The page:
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Compensation. Was her death preventable?

(6 Posts)
goingslowlymad Wed 09-Jul-08 20:22:56

I am very much against compensation and suing for the sake of it. However I feel I should be persuing something/someone after my mother's death.

Nearly two years ago my mum, aged 47, had a stiff shoulder/arm for a week or so. She thought she had pulled a muscle while driving as her car didn't have power steering.

One night it got so bad that she phoned the out of hours GP (it was around midnight) who examined her and told her it was indeed a pulled muscle and gave her some heavy duty painkillers and sent her home.

The dr asked my mum whether she had any tingling in her fingers/hands and she confirmed she did. In addition to this my mum was on medication for high blood pressure, was around 4 stone overweight and a heavy (20+ per day) smoker. To the best of my dad's knowledge, who went with her to the waiting room but not into the appointment, no medical history was taken by the dr.

The following morning my mum was still in pain but had to go into work for an hour as one of her staff called in sick. That morning she also had a hospital clinic appointment unrelated to her shoulder pain.

That afternoon, around 12 hours after she saw the emergency GP she died in my dad's arms after suffering a massive heart attack.

My problems are this: 1) a quick google search on heart disease in women gave shoulder pain as a primary symptom 2) she was in her forties, a common age for women to present with heart disease 3) the pain was severe enough for her contact a GP out of hours 4) she was a heavy smoker 5) she was obese 6) she was on medication for high blood pressure.

Surely it is not outside the realms of possibility for a dr to consider a heart problem with the above presentation of symptoms?

There is every chance that even if the dr had spotted what was really wrong that she may have died anyway and I accept that. At the moment I feel my mum's life was lost due to one dr's ineptitude and keen-ness to get back to bed.

From an outsider's point of view, am I being unreasonable? Am I expecting too much? Would a simple blood test and blood pressure check have revealed the real cause of my mum's pain? Is it worth persuing to hopefully avoid someone else losing a parent/wife/grandmother so unecessarily?

nancy75 Wed 09-Jul-08 20:25:55

i would be livid, i would want to sue, like you more to stop it happening again than for the money, however it is notoriously difficult to sue the nhs and could cost you everything you have and some years of heartache, you need to really consider this carefully and get a good solicitor if you decide to go ahead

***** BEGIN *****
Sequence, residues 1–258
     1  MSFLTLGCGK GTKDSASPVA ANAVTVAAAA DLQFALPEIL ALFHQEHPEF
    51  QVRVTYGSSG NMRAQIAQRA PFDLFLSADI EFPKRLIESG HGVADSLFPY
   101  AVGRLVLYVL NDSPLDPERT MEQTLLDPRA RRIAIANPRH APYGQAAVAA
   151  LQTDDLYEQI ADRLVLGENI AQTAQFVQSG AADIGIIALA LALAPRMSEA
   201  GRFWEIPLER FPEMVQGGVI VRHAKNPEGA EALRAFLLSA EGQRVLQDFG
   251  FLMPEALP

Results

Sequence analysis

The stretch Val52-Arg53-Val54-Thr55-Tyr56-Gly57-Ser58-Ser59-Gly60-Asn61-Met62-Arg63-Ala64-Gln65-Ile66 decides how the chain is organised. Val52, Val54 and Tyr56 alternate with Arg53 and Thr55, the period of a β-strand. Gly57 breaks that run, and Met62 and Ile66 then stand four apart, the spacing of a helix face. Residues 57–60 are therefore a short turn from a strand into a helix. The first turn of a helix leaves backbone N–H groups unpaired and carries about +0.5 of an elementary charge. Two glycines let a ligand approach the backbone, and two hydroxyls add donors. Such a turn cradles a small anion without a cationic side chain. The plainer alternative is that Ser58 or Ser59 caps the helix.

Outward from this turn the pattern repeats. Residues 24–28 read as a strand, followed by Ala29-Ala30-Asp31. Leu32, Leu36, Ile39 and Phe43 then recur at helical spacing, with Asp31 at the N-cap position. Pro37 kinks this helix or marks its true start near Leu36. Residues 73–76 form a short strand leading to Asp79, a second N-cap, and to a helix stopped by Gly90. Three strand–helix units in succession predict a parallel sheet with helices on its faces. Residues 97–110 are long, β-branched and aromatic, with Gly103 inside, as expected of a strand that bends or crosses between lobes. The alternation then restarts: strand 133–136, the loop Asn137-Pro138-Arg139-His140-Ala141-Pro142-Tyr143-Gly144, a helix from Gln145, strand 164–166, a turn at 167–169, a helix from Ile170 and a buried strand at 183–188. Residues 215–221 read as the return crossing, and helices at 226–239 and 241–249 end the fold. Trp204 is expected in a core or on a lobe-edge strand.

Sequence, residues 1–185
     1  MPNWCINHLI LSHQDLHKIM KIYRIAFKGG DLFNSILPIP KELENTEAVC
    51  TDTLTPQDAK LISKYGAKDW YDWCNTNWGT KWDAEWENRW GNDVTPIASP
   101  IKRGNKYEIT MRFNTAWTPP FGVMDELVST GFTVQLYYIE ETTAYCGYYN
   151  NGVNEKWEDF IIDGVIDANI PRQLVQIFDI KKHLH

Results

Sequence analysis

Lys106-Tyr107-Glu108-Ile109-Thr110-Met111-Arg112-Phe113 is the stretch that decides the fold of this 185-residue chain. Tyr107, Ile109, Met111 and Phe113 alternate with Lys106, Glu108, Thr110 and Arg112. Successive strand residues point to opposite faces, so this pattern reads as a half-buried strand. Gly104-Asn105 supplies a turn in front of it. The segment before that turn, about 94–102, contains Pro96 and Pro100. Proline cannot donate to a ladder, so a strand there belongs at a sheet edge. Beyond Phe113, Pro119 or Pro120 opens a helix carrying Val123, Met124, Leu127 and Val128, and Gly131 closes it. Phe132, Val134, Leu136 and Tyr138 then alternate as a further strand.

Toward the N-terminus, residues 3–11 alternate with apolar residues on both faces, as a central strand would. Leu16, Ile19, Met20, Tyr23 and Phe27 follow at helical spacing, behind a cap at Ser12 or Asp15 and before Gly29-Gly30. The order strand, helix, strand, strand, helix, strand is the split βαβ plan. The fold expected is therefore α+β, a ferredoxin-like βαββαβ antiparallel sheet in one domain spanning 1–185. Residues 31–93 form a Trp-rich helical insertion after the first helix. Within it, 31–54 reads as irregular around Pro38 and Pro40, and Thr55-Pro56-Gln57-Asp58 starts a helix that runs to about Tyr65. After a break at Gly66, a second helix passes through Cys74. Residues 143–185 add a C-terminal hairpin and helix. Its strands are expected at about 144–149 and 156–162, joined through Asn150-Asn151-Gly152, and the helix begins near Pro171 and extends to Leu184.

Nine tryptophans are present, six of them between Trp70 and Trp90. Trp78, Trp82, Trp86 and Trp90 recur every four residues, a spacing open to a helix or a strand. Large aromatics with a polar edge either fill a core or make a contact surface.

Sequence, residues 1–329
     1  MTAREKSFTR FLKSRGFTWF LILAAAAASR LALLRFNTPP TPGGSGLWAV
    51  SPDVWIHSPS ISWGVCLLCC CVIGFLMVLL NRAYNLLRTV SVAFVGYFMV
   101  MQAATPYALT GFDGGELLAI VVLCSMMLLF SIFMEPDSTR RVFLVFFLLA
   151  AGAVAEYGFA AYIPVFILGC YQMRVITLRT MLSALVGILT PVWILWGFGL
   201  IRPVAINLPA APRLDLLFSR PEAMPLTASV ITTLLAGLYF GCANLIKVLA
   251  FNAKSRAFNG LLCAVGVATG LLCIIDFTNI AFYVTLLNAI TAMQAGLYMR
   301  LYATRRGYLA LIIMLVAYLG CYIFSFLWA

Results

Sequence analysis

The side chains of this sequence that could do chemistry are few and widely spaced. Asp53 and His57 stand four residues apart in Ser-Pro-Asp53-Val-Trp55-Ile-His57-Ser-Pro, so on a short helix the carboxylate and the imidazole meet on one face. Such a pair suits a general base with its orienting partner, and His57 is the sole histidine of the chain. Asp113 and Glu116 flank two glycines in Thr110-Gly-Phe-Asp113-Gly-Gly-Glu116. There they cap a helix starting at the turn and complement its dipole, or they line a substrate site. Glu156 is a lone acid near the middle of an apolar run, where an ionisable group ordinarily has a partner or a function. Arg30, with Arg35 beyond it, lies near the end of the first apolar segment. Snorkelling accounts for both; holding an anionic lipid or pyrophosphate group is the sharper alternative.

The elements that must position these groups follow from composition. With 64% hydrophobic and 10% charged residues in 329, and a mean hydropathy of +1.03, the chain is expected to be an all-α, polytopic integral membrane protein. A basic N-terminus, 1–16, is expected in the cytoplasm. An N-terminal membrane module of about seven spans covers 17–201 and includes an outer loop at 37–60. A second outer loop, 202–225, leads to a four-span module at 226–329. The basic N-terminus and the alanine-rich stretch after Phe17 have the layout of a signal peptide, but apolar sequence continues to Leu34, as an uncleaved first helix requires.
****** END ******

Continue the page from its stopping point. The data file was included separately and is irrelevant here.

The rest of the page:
TequilaMockinBird Wed 09-Jul-08 20:30:27

So sorry to hear about your mum sad

To be honest, I did think about this after my Dad died 5 years ago.

He went to the doctor with a bad cough, chest pains, very lethargic etc. He was diagnosed with having a chest infection and given antibiotics.

About 6 weeks later it still hadnt gone away and so he returned to the doctors, to be given another course of antibiotics.

Another 6 weeks or so passed and Dad lost his voice, still had the same symptoms and after much persuasion from us he went back to the doctors. Doctor sent him for a chest xray to the hospital and a tumour was found sad. The tumour was in his lung but was so big it was pressing on his voice box and so he couldnt speak.

5 days later he died sad

I'm the same in that I know if it had been detected at the first doctors appointment, it would probably have been too far advanced for them to treat it. However we would have at least had a few months to 'prepare' for the inevitable.

I never did pursue this but did think about it often.

Wishing you luck in whatever you decide to do and sending hugs xx

tissy Wed 09-Jul-08 20:32:09

hmm, not sure, tbh

blood pressure would not necessarily have been any different

blood test might have shown the cause, but these tests are usually done in hospital, alongside ecg, I'm not sure if GPs are able to request these, esp in middle of night. IIRC they aren't even done outside daylight hours in hospital.

tingling in hands can be a pointer to trapped nerve pain, so GP may have reasonably supposed that this was the diagnosis

otoh, high bp, obesity, heavy smoker, maybe it should have been on the radar

did she have any previous symptoms of heart problems? Chest pain/ shortness of breath, palpitations?

edam Wed 09-Jul-08 20:35:03

I suspect you may well have a case but as Nancy says, it is not easy to sue. It takes years and will be emotionally draining. So before you talk to any solicitors, do consider whether you can bear the constant reminder of your mother's last days, and the hassle.

stickybun Wed 09-Jul-08 23:19:51

Dear GSM - Sorry to hear about your Mum. Just a thought - do you feel that you know what you want the outcome of this to be? Sometimes it can be helpful to 'work backwards' if you know what I mean. E.g. Do you want to see an individual Dr held to account for their actions or do you think that it is more of a general management issue that needs flagging up within your local NHS? That might help you decide whether to go down some kind of internal NHS/BMA procedure or whether it's a legal matter. Is it an individual GP matter or a procedural one e.g. lack of guidelines etc. within your local NHS? Good luck whatever you decide to do it's really hard to lose a loved parent unexpectedly.

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